6.10

### 7Plot Utilities

 (require plot/utils) package: plot-lib

#### 7.1Formatting

procedure

 (digits-for-range x-min x-max [ base extra-digits]) → exact-integer?
x-min : real?
x-max : real?
base : (and/c exact-integer? (>=/c 2)) = 10
extra-digits : exact-integer? = 3
Given a range, returns the number of decimal places necessary to distinguish numbers in the range. This may return negative numbers for large ranges.

Examples:
 > (digits-for-range 0.01 0.02) 5 > (digits-for-range 0 100000) -2

 procedure(real->plot-label x digits [scientific?]) → string? x : real? digits : exact-integer? scientific? : boolean? = #t
Converts a real number to a plot label. Used to format axis tick labels, point-labels, and numbers in legend entries.

Examples:
 > (let ([d  (digits-for-range 0.01 0.03)]) (real->plot-label 0.02555555 d))

".02556"

> (real->plot-label 2352343 -2)

"2352300"

> (real->plot-label 1000000000.0 4)

"1×10⁹"

> (real->plot-label 1000000000.1234 4)

"(1×10⁹)+.1234"

 procedure(ivl->plot-label i [extra-digits]) → string? i : ivl? extra-digits : exact-integer? = 3
Converts an interval to a plot label.

If i = (ivl x-min x-max), the number of digits used is (digits-for-range x-min x-max 10 extra-digits) when both endpoints are rational?. Otherwise, it is unspecified—but will probably remain 15.

Examples:
 > (ivl->plot-label (ivl -10.52312 10.99232)) "[-10.52,10.99]" > (ivl->plot-label (ivl -inf.0 pi)) "[-inf.0,3.141592653589793]"

 procedure(->plot-label a [digits]) → string? a : any/c digits : exact-integer? = 7
Converts a Racket value to a label. Used by discrete-histogram and discrete-histogram3d.

 procedure x : real? e : exact-integer?
Like real->decimal-string, but removes any trailing zeros and any trailing decimal point.

procedure

 (real->decimal-string* x min-digits [ max-digits]) → string?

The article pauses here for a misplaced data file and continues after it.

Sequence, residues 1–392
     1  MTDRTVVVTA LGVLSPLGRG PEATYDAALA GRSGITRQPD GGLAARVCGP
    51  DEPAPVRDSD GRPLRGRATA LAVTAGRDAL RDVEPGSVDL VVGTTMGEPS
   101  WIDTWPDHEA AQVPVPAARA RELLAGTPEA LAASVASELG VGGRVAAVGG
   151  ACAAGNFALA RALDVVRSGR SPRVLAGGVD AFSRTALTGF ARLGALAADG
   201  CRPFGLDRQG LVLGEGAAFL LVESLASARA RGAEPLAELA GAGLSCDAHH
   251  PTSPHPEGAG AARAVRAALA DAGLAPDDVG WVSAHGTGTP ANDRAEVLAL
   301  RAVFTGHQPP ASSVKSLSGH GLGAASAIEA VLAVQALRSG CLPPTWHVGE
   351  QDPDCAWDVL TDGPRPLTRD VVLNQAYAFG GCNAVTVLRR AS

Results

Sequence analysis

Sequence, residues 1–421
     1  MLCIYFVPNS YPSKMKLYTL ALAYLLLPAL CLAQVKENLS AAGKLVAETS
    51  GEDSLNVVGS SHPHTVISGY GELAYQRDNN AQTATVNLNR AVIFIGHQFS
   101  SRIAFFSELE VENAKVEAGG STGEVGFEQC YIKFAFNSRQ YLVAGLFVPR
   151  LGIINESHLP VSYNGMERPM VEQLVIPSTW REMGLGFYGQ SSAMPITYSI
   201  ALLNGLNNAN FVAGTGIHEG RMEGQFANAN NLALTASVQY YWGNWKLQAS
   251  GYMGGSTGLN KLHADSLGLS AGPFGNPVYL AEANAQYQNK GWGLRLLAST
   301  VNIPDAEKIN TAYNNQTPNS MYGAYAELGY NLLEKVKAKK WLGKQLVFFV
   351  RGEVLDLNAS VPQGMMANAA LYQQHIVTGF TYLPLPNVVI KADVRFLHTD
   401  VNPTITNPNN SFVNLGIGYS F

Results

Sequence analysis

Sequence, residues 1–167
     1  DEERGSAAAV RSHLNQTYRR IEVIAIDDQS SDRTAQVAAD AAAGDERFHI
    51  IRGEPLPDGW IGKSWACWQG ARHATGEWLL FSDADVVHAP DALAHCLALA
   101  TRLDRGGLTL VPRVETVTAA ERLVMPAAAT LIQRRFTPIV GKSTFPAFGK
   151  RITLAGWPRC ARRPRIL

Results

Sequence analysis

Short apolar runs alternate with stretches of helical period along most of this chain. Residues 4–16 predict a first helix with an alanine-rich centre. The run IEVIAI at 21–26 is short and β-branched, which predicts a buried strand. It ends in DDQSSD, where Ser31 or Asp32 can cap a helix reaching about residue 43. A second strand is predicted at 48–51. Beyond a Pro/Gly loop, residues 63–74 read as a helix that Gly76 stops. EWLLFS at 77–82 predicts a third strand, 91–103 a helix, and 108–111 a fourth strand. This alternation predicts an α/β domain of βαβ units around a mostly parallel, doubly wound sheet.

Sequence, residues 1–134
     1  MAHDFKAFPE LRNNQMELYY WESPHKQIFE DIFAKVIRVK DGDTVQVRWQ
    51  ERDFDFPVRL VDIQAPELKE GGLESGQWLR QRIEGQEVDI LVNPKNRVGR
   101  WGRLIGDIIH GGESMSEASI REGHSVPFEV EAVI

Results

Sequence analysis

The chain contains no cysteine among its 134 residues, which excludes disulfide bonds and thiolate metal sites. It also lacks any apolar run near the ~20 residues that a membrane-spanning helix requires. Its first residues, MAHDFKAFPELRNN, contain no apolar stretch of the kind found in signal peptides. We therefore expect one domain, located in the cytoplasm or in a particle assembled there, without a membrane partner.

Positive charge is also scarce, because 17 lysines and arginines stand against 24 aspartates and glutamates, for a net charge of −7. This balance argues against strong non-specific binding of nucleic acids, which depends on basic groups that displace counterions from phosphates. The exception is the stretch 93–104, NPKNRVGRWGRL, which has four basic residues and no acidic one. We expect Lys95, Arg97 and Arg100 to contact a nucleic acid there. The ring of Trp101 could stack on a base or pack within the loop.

x : real?
min-digits : exact-nonnegative-integer?
max-digits : exact-nonnegative-integer? = min-digits
Like real->decimal-string, but accepts both a maximum and minimum number of digits.

Examples:
 > (real->decimal-string* 1 5 10) "1.00000" > (real->decimal-string* 1.123456 5 10) "1.123456" > (real->decimal-string* 1.123456789123456 5 10) "1.1234567891"

Applying (real->decimal-string* x min-digits) yields the same value as (real->decimal-string x min-digits).

 procedure x : exact-integer?
Converts an integer into a string of superscript Unicode characters.

Example:
 > (integer->superscript -1234567890) "⁻¹²³⁴⁵⁶⁷⁸⁹⁰"

Systems running some out-of-date versions of Windows XP have difficulty with Unicode superscripts for 4 and up. Because integer->superscript is used by every number formatting function to format exponents, if you have such a system, Plot will apparently not format all numbers with exponents correctly (until you update it).

#### 7.2Sampling

procedure

 (linear-seq start end num [ #:start? start? #:end? end?]) → (listof real?)
start : real?
end : real?
num : exact-nonnegative-integer?
start? : boolean? = #t
end? : boolean? = #t
Returns a list of uniformly spaced real numbers between start and end. If start? is #t, the list includes start. If end? is #t, the list includes end.

This function is used internally to generate sample points.

Examples:
 > (linear-seq 0 1 5) '(0 1/4 1/2 3/4 1) > (linear-seq 0 1 5 #:start? #f) '(1/9 1/3 5/9 7/9 1) > (linear-seq 0 1 5 #:end? #f) '(0 2/9 4/9 2/3 8/9) > (linear-seq 0 1 5 #:start? #f #:end? #f) '(1/10 3/10 1/2 7/10 9/10) > (define xs (linear-seq -1 1 11)) > (plot (lines (map vector xs (map sqr xs)))) procedure

 (linear-seq* points num [ #:start? start? #:end? end?]) → (listof real?)
points : (listof real?)
num : exact-nonnegative-integer?
start? : boolean? = #t
end? : boolean? = #t
Like linear-seq, but accepts a list of reals instead of a start and end. The #:start? and #:end? keyword arguments work as in linear-seq. This function does not guarantee that each inner value will be in the returned list.

Examples: